Though the Return to Learn Council provided Governor Whitmer with guidance to create the MI Safe Start plan, Allen says the work is not over.
“We’re working on answering questions and providing guidance to school districts as they gear up for the fall,” she said. “We know that, once school starts, we will have to continue to provide leadership and guidance to schools. Because individual school openings are so varied—with many schools going virtual for the first part of the year—it will delay how we operationalize how school buildings open safely until later in the year. We’ll be monitoring them and providing guidance, and we’ll work until the governor decides that we have done enough.”
Despite all the work that has already been done, The Skillman Foundation and other philanthropic organizations say that the pandemic is an opportunity for a clean slate to address inequities in education and beyond.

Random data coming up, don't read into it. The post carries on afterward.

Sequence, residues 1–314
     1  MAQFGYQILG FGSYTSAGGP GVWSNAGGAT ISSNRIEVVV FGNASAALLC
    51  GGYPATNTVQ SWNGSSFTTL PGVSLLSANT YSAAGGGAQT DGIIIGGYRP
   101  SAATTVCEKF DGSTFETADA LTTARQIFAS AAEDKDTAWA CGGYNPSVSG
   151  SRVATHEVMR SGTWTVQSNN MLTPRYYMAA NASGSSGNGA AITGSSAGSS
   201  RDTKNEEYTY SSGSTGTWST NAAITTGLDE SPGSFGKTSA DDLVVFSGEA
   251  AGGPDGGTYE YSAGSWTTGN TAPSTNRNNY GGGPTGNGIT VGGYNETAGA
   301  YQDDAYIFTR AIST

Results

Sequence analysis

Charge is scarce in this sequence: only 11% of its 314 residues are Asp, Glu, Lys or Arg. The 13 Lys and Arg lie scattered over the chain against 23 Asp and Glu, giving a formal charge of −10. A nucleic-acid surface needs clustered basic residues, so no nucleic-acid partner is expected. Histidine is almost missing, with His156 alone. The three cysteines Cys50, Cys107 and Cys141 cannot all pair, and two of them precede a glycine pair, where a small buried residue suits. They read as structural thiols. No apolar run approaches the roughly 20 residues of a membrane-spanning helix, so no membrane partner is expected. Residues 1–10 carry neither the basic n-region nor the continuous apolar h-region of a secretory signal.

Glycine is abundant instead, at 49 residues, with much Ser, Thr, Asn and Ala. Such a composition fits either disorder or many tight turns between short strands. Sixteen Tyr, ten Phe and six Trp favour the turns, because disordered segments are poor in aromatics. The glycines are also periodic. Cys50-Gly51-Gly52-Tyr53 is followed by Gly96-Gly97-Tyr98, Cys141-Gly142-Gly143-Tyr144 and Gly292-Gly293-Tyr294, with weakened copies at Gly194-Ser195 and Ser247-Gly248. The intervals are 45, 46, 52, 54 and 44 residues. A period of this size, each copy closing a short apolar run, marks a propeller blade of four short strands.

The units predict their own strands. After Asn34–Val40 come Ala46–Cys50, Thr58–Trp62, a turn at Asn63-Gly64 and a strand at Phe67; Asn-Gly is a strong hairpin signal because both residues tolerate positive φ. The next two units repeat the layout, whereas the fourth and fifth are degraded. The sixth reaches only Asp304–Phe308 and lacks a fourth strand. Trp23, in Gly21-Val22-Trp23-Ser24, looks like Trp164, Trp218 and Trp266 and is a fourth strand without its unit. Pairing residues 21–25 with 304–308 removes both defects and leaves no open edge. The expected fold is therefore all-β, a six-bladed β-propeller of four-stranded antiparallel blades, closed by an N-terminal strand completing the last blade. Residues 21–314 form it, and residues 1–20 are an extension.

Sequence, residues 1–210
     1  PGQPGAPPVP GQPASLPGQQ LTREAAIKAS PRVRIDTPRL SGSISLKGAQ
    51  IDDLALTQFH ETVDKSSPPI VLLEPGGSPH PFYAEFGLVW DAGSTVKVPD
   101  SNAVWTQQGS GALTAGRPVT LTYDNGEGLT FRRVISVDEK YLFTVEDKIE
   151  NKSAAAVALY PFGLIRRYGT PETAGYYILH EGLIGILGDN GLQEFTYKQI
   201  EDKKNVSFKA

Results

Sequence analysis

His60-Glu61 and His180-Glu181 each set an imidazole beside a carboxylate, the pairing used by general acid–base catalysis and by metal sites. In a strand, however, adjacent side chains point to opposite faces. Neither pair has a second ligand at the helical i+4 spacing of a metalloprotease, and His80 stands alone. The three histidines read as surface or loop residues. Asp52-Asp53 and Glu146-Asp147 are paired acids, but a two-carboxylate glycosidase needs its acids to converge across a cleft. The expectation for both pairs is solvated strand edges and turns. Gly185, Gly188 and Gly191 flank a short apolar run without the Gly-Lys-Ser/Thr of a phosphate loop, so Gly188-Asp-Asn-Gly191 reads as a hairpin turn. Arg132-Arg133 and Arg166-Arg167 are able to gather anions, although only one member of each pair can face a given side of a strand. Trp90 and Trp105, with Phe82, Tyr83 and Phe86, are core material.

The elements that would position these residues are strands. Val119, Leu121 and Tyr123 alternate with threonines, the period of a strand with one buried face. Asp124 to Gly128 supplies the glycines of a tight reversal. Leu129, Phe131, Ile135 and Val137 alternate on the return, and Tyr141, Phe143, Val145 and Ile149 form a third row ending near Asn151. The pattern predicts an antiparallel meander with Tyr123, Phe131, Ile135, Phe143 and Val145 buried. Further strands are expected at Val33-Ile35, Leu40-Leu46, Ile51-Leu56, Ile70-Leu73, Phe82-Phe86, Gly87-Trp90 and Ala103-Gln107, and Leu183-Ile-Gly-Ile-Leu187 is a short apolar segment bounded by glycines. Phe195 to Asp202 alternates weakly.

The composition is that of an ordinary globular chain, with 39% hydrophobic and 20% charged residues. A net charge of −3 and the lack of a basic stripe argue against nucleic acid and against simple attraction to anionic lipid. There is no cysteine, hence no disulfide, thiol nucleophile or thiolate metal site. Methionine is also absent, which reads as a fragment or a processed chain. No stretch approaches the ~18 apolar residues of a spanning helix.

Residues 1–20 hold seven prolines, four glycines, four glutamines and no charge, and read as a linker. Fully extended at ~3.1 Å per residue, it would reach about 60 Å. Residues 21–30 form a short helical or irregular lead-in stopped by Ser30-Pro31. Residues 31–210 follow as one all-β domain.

“The philanthropic community has to stand up to champion the issue of equity,” Allen said. “This is the time where we can rebuild funding and system models in a way that creates equity to allow every Michigan child to get a high-quality education.”
Learn about the Return to Learn Advisory Council.
Read the MI Safe Start Plan.
Learn more about Launch Michigan.
Food Assistance Programs Prepare for Unprecedented School Year
With many unanswered questions about what the 2020-21 school year will look like, ensuring students have access to healthy and nutritious foods, regardless of their learning environment, remains a priority for state leaders.
CMF has reported on a number of local and statewide efforts for the over 345,000 Michigan children who face food insecurity. The pandemic has exacerbated the lack of access to food for many Michigan children, particularly when schools—a regular provider of meals—ended in-person instruction in March.
As fall approaches, schools face the difficult task of feeding students while operating virtually, in person, or in blended learning environments.